One journalist maintains that setting ourselves up for an entire month without alcohol is setting ourselves up for failure. “The problem with these artificial challenges like quitting smoking for Stoptober or Meat-free Mondays, is that unless you set out with Olympian determination, you are setting yourself up to fail. And then you feel worse, and the idea that you can’t stop is re-inforced”.
Some of this may be true. But what about the UK’s estimated 10.8 million problem drinkers (Source: Alcohol Concern Survey 2018), who regularly consume enough alcohol to pose a serious threat to their health? Specialist Addiction Psychotherapist, Rebecca Sparkes, says that few of these men and women will be helped by a campaign such as Dry January.
“Most heavy or problem drinkers struggle to change their behaviour around alcohol without specialist support,” she says. “Heavy drinkers in particular need to be aware of the physical risks of stopping drinking suddenly. Many of those who try to stop completely will experience sweating, palpitations, headaches and nausea. A medium to heavy drinker should have medical support from their GP and use medication in a cutting-down period.”
Rebecca recommends anyone who has struggled to stop their drinking or cut down their intake should contact their GP or seek help from one of the alcohol awareness charities. “It’s really tough stopping or cutting down, especially if alcohol is a big part of anyone’s working life or social life. Doctors and alcohol charities can put anyone struggling in touch with a number of support services which can be really valuable in the first few days and weeks.”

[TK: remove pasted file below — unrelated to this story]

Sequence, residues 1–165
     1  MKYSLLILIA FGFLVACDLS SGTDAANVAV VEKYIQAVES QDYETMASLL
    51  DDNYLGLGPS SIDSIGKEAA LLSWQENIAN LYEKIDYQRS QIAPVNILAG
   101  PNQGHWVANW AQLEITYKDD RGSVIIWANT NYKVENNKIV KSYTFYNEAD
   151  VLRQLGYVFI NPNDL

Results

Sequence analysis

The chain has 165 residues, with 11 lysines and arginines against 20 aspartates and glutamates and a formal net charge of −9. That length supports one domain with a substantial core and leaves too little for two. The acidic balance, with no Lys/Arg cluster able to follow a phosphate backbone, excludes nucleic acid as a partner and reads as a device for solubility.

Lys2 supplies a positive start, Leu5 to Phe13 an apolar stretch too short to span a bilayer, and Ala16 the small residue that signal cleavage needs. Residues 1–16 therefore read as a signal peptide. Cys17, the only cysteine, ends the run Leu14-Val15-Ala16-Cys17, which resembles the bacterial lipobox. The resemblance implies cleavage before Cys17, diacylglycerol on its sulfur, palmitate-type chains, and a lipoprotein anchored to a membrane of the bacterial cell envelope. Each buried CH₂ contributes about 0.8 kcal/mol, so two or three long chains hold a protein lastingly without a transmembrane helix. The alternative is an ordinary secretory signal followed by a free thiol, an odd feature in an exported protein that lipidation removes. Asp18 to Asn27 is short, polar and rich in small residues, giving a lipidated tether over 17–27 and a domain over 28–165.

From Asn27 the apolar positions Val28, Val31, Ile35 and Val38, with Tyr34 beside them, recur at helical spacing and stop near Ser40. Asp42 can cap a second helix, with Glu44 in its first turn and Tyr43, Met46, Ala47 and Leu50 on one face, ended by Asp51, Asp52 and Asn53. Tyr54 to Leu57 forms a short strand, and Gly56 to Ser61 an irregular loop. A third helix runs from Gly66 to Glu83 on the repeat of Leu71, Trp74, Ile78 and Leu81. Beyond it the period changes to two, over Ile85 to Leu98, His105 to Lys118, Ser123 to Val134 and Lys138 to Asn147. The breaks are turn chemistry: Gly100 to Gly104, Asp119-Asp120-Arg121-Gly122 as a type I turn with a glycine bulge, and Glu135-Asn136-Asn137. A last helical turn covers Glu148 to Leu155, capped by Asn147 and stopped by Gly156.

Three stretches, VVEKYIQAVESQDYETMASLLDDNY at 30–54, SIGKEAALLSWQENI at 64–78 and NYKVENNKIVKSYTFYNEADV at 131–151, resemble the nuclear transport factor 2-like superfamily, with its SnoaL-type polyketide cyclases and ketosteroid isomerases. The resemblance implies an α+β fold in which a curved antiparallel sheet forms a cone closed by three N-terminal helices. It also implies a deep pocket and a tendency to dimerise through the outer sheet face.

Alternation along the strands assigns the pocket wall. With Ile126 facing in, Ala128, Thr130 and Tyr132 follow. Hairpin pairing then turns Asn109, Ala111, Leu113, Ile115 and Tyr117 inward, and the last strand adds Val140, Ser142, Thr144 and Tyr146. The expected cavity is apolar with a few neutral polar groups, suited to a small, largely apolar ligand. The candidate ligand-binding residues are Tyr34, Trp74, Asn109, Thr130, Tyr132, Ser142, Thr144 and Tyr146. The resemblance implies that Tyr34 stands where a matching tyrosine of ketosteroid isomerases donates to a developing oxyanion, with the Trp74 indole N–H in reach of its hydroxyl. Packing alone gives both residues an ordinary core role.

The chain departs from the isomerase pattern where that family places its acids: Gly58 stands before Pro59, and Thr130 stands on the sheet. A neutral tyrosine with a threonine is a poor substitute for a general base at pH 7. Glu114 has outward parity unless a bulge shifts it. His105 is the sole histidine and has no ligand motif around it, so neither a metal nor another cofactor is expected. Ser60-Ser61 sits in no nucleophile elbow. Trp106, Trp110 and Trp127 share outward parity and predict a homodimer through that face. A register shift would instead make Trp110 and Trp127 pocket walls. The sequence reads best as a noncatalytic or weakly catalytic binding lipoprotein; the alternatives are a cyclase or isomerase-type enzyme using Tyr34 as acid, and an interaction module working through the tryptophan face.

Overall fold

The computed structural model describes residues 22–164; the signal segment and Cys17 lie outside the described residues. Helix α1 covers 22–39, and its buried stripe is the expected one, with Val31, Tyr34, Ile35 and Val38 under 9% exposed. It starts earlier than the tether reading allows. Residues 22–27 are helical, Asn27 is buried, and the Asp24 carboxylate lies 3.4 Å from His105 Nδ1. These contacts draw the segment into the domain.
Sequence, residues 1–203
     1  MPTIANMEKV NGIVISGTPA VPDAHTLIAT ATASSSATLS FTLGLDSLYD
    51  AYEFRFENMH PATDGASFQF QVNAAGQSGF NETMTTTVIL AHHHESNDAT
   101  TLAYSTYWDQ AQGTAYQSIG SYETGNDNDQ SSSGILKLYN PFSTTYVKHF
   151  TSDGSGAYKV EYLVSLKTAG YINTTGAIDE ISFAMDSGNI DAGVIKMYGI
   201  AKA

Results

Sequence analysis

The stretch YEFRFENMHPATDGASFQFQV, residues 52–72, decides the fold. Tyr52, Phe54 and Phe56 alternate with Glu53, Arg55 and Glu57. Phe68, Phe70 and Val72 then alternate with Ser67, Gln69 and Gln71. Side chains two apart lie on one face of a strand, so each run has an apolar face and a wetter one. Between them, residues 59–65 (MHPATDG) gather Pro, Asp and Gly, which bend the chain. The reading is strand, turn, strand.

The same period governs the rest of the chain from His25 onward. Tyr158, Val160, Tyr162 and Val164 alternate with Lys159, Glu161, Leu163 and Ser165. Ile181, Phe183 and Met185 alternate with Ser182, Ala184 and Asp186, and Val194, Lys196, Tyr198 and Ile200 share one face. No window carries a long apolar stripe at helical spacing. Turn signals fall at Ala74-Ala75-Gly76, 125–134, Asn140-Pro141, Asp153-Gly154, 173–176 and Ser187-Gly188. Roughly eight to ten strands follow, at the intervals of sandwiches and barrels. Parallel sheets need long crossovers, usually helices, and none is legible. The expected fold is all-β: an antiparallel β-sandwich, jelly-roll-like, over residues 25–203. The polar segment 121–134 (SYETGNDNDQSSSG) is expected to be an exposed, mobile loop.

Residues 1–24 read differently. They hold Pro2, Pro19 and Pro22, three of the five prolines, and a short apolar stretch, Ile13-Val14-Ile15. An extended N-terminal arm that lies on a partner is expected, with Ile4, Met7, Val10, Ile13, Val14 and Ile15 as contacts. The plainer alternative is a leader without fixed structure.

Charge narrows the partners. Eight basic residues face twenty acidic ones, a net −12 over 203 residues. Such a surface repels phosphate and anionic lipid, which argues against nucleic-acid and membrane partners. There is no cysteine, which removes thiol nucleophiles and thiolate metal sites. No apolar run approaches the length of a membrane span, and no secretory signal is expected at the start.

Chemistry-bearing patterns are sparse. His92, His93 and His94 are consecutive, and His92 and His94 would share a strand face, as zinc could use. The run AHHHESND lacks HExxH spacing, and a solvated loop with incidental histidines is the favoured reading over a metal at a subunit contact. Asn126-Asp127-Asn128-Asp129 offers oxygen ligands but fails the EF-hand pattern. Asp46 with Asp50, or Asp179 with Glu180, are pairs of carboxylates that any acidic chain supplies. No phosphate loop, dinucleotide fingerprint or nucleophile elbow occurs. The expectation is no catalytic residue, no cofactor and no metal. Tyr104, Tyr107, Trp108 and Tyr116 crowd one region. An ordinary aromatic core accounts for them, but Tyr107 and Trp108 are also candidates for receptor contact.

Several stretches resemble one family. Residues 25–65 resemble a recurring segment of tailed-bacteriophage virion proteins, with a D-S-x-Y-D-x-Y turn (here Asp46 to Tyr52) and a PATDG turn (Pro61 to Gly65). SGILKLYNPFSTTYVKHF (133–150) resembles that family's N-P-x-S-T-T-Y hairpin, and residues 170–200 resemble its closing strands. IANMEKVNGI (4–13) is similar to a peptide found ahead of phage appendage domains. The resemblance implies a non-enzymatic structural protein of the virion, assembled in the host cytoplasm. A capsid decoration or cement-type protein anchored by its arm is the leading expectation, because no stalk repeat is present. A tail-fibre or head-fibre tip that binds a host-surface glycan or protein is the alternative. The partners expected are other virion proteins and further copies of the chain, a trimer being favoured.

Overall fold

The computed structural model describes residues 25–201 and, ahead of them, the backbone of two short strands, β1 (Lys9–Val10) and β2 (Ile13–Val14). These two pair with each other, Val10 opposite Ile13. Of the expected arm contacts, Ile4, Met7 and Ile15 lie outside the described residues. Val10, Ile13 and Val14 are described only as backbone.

Many heavy or problem drinkers admit that there are underlying stresses or problems in their lives and that alcohol is a way of numbing those difficulties. Work stress, financial problems, relationship difficulties and loneliness are all common reasons cited for heavy drinking.
An experienced alcohol and addictions counsellor or psychotherapist will be able to help anyone whose drinking is under-pinned by life problems, help tackle whatever issues are causing difficulty, as well as support the process of abstinence.
Cognitive Behavioural Therapy (“CBT”) can be a very useful way of working with problem drinkers. CBT helps people better understand their triggers for drinking and how they can introduce different behaviours or strategies.
Anyone who is struggling with depression, anxiety or low self-esteem might benefit from a more in-depth approach from an addictions psychotherapist. If alcohol has been a way of coping with low mood or feelings of emptiness, there will be an added layer of shame and hopelessness.
~”Most people who are drinking as a way of coping or managing also know that alcohol is making their problems worse,” says Rebecca Sparkes. “But they believe they can’t face a life without alcohol. An experienced therapist can help people better understand their difficulties and tackle problems more effectively, without alcohol or other substances.”
If you or a friend/family member are experiencing difficulties with alcohol, please contact Help4addiction 0203 955 7700